The film was released in 1975, with a fair amount of studio-generated publicity. It failed miserably, and was pulled from general release. O'Brien and Adler were crushed by the failure of the movie. Then a very curious turn of events took place in New York City. A group of RHPS fans began asking for a repeat showing of the movie. The theater agreed to show the film after the regular showings were through, around midnight. Eventually, these fans would meet regularly at midnight to watch the film over and over again. According to legend, during a rain sequence in the movie one enthusiastic fan yelled out 'Buy an umbrella, you cheap b....' and the era of audience participation had begun. Modern audiences now know the entire script by heart, and have developed many varied responses to the actors' hopelessly inane dialogue.
The plot of the film itself is fairly straightforward, even if the execution of said plot can be a bit convoluted. A young Ohio couple, Brad and Janet, decide to visit the professor who introduced them. After their car breaks down on a deserted backroad, they decide to call for help from a castle that appears from nowhere. The castle turns out to be a front for aliens, lead by a lascivious and volatile alien scientist named Frank-n-Furter. Frank has been working on a Frankensteinish experiment to create the perfect man, Rocky Horror. Brad and Janet's sudden and uninvited appearance creates a problem for Frank and his assistants, Magenta and Riff Raff. Fearing exposure, Frank keeps Brad and Janet in the castle, and eagerly seduces both of them into silence. The plan almost works, until the professor, Dr. Scott, stumbles upon the castle himself, in search of his missing cousin, Eddy (played memorably by Meatloaf). Eddy had been captured by the aliens earlier, and was now dead.
Sensing that his days are numbered, Frank quickly assembles his captives for a final musical production number, but is sabotaged by his duplicitous assistants, Magenta and Riff Raff, who promptly dispose of Frank and return the castle to their home planet, leaving some confused earthlings in their wake.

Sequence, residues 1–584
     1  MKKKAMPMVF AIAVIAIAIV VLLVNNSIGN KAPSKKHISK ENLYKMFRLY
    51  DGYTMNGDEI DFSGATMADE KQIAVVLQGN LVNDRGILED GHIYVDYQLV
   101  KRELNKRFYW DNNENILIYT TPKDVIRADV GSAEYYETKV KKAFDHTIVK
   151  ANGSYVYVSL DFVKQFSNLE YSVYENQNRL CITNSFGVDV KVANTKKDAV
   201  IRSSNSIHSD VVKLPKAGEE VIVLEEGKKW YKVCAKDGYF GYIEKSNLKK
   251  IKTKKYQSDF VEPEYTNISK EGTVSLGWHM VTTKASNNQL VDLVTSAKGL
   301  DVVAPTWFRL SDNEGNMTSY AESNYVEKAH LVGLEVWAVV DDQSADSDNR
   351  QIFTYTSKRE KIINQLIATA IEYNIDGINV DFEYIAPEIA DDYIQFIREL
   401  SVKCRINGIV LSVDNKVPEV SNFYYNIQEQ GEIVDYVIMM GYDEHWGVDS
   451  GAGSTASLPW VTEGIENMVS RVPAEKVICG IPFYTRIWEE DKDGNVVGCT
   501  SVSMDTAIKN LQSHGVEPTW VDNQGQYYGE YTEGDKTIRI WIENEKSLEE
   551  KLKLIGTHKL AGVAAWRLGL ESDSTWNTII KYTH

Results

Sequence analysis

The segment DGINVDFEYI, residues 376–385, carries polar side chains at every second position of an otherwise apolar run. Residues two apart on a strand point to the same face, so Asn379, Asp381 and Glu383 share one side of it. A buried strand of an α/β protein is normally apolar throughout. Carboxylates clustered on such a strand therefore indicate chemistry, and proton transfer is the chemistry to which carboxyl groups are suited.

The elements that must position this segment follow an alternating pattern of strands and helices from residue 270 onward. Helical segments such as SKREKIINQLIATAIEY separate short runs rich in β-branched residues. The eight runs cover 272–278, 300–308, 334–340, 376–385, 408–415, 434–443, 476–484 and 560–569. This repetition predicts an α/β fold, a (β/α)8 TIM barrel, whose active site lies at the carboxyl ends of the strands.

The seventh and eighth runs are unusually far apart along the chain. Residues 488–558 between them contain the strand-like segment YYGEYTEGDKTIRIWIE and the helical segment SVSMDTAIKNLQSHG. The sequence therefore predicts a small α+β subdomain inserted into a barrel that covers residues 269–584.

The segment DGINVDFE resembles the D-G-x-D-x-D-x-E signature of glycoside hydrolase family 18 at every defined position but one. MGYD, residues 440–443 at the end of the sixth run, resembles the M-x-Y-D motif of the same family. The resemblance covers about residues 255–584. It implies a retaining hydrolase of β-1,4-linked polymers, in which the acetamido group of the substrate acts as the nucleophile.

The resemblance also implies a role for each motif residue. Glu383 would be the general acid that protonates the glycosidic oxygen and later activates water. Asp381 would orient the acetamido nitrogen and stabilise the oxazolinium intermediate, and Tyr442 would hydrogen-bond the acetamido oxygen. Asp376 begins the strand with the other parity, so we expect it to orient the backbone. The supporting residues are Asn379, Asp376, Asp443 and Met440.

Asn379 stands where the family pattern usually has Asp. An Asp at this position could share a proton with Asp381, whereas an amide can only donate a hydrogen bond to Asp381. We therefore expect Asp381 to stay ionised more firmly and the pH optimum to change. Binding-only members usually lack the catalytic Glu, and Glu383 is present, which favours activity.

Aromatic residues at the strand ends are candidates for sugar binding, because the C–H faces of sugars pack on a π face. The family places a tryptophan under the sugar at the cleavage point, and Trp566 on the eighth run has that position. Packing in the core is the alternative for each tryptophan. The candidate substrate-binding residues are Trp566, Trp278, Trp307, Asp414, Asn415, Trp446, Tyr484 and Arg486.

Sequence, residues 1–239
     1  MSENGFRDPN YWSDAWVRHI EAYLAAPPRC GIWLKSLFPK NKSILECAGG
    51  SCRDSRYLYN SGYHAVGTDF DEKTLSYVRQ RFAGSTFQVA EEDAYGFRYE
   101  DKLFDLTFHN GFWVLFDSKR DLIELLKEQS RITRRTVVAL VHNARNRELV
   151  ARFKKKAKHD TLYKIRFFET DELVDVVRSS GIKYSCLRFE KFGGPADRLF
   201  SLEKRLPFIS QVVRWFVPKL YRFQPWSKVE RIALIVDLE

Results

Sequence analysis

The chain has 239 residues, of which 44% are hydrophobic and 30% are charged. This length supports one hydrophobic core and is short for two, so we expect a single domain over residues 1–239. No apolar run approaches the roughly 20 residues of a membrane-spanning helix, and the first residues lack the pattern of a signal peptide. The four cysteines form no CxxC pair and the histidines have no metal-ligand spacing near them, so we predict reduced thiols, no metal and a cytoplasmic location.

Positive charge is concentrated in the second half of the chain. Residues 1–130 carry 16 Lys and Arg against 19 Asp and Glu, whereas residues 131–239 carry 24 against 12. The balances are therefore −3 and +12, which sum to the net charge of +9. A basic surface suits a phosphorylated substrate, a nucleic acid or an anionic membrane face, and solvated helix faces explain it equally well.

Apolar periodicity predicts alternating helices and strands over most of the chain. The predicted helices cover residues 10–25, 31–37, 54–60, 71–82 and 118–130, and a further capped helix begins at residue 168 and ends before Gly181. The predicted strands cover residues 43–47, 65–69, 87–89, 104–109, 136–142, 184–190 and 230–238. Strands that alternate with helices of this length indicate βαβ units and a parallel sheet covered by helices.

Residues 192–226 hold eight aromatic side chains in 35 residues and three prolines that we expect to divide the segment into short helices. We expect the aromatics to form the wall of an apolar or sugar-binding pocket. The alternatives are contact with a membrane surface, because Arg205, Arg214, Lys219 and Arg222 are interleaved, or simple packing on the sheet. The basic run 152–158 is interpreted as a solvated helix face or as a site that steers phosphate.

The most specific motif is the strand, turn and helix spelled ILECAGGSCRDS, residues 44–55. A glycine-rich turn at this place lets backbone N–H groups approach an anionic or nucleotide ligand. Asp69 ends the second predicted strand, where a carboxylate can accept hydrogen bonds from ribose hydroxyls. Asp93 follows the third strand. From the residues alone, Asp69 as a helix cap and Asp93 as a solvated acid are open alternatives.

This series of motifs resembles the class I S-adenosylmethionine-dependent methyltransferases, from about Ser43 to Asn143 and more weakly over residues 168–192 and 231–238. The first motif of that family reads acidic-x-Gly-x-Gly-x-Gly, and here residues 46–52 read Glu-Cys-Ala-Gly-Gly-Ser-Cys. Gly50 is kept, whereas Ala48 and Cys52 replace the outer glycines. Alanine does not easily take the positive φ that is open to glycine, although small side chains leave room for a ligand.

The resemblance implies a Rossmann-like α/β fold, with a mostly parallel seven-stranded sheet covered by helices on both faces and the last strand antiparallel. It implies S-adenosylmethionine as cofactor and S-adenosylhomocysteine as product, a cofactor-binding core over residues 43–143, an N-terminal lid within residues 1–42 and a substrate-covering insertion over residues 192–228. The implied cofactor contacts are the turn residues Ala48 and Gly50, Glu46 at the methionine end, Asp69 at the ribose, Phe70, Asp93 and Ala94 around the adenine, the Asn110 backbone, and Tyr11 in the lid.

The appeal of Rocky Horror lies more in the messages than in the medium itself. On the surface, RHPS is a mediocre movie with some great musical moments and some atrocious dialogue. Beneath this cheap exterior, however, is an honest attempt to deal with some important social and sexual issues. The movie's mantra is 'Don't dream it, be it' and many fans have taken that message to heart. The openness by which many of the Rocky characters live their lives has had quite an impact on some socially confused young people. Few movies before RHPS had explored the underlying issues facing homosexuals in a rigid society. Tim Curry's 'Frank' may have been portrayed as evil, but some fans could associate with his self-assurance and courage to live his life without bending to society's rules. In that sense, the movie does send out a clear message of tolerance for those who choose a different form of sexual expression.
The Rocky Horror Picture Show is what it is- a campy spoof of the horror films we all grew up with. Go see it at midnight some time, and enjoy the audience along with the movie. Rent it on video and have a Rocky party. Watch it by yourself sometime, and try to go beyond the obvious camp and spectacle, to the decent little movie it tried so hard to be.